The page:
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Plants for Hot Climate

By Regina Sass ; Updated September 21, 2017
Pagoda flowers love a hot climate.
fragrant blossoms of the pagoda tree image by Yali Shi from Fotolia.com

Gardeners in hot climates grow tropical flowers that gardeners in other areas can use only as container or house plants. Plants for a hot climate stand up to all the heat Mother Nature throws at them and come back for more; their flowers bloom more profusely the more sun they get.

Abyssinian Banana

Abyssinian banana (Ensete ventricosum) is also known as Ethiopian banana and ensete. While the plant resembles the traditional banana, it does not produce an edible fruit. The trunk alone reaches a height of up 30 feet with olive-green, paddle-shaped leaves up to 20 feet long and 3 to 5 feet wide growing out of the top. In most cases, the trunk will be shorter and the overall height of the plant will be just slightly more than the length of the leaves. The plant produces white cup-shaped flowers inside 3- to 4-foot-long hanging clusters of red modified leaves. Plant Abyssinian banana in full sun to partial shade and in moist and well-drained. The plant is hardy in United States Department of Agriculture (USDA) hardiness zones 9 to 11.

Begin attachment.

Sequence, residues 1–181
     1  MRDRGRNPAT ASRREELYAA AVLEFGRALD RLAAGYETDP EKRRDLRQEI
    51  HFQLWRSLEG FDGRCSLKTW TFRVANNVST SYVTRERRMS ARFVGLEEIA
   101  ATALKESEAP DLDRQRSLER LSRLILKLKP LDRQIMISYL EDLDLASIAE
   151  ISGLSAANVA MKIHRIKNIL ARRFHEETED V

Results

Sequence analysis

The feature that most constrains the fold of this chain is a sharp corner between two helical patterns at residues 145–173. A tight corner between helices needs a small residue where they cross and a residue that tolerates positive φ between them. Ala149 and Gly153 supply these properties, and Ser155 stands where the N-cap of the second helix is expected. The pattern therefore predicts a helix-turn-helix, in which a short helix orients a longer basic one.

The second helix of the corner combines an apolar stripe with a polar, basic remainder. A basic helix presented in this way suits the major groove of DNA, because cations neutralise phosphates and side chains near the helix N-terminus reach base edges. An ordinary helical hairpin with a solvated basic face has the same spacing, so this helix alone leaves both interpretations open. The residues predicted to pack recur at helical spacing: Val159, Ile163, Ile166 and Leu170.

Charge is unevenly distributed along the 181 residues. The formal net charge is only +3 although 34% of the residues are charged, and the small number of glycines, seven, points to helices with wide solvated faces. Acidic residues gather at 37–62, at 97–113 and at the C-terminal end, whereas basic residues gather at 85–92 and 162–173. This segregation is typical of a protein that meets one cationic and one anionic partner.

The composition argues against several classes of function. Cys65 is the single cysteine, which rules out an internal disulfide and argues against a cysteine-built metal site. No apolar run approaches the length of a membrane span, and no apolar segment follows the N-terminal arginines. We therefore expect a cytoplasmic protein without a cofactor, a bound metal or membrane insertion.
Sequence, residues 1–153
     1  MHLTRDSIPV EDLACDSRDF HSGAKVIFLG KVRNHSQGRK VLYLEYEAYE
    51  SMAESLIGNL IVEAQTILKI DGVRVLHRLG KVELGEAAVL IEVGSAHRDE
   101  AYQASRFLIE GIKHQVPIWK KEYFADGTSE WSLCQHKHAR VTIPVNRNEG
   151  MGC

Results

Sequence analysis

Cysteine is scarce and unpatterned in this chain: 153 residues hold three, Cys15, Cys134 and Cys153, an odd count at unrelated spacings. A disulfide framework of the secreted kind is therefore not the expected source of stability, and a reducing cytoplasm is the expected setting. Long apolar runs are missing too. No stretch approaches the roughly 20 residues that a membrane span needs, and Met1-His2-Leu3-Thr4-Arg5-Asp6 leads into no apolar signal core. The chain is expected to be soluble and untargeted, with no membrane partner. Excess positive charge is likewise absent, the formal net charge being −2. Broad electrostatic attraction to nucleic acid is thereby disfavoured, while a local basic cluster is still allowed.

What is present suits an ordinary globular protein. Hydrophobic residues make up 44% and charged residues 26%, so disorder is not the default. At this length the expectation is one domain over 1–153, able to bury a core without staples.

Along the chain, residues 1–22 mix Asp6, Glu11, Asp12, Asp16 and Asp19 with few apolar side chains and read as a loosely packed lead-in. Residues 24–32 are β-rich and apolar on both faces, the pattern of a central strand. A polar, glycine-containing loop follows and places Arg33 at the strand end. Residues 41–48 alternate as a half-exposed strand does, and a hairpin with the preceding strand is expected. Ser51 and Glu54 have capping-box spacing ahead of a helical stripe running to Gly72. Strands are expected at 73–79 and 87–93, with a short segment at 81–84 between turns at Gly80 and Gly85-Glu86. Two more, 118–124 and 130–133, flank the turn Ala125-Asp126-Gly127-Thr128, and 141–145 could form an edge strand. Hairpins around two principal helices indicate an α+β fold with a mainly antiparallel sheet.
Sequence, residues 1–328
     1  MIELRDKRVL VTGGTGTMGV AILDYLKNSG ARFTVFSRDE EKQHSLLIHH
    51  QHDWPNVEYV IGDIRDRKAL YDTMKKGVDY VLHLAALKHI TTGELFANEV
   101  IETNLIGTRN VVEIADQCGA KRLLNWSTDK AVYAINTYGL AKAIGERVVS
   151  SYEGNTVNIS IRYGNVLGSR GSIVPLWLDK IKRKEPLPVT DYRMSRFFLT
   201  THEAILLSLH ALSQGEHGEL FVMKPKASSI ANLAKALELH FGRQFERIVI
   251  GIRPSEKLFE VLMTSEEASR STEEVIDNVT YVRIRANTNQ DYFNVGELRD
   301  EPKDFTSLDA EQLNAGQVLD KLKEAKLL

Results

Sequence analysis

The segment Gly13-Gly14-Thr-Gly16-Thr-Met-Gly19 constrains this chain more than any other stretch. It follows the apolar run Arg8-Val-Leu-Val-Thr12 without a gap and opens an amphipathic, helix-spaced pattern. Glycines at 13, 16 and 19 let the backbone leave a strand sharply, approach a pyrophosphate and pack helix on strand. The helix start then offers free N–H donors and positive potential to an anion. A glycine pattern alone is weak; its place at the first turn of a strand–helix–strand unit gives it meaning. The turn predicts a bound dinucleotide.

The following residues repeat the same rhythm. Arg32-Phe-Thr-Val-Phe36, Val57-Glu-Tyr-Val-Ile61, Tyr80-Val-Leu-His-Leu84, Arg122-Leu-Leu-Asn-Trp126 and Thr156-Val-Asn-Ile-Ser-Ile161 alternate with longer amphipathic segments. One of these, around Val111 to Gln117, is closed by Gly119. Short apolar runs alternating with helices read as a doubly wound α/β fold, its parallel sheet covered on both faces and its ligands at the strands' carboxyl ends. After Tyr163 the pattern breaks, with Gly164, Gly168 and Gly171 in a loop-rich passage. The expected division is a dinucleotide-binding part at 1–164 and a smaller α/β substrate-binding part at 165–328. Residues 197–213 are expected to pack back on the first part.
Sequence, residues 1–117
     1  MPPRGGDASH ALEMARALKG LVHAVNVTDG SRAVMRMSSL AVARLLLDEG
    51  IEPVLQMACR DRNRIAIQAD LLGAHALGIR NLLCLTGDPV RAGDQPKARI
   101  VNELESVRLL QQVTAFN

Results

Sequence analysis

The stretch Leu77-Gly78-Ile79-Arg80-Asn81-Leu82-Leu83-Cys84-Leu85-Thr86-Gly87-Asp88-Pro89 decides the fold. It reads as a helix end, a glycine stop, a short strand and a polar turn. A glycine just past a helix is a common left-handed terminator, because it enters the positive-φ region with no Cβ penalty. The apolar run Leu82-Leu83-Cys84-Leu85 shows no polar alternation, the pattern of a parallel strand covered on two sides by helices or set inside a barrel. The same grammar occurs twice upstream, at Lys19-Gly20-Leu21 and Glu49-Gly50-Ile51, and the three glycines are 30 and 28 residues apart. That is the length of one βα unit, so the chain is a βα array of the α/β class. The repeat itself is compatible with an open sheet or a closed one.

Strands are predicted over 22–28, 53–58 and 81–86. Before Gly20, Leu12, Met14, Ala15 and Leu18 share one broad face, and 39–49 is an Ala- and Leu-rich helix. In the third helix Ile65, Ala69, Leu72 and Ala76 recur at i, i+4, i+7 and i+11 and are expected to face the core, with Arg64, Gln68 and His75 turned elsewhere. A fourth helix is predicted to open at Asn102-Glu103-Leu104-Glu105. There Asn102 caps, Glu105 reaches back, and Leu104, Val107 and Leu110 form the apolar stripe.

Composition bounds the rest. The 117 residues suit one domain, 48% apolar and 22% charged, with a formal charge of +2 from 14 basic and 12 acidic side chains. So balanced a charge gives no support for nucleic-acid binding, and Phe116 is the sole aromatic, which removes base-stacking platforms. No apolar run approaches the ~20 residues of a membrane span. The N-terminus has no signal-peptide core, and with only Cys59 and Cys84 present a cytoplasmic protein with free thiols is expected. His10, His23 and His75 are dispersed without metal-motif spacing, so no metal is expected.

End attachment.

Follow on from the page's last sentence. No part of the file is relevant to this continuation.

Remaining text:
Yellow Elder

Yellow elder (Tecoma stans) is also known as trumpetbush, yellowbells, ginger-thomas and tronadora.This plant is a shrub or small tree that is hardy in USDA zones 7 to 11. The tree is native to Central and South America and grows to a height of 25 feet. Oval-shaped, pointed leaves are made up of from 1 to 9 leaflets, each 2 to 3 inches long. Yellow trumpet-shaped flowers measure 1 to 2 inches long and grow in clusters in the forks and at the tips of the branches. The flowers are followed by seed pods that resemble string beans, which grow from 4 to 8 inches long and hang in vertical clusters. Plant yellow elder in full sun and a moist, well-drained soil.

Pagoda Flower

Pagoda flower (Clerodendrum paniculatum) is an evergreen shrub that grows from 3 to 5 feet tall and 2 to 3 feet wide. The plant produces heart-shaped leaves up to 12 inches across and tiny funnel-shaped flowers that grow in clusters up to 12 inches long at the tips of the branches from summer through autumn. Plant pagoda flowers in full sun and moist soil. The plant is hardy in USDA zones 8 to 11.

Pineapple Sage

Pineapple sage (Salvia elegans) gets it name from the leaves. Crush one and you get the distinctive odor of pineapple. The plant grows from 3 to 5 feet tall and 2 to 3 feet wide. Light green, fuzzy leaves grow from 2 to 4 inches long. Ruby red, tube-shaped flowers grow from 1 to 2 inches long in 8-inch-long clusters of four. Pineapple sage plants like full sun and moist soil, and are hardy in USDA zones 9 to 11.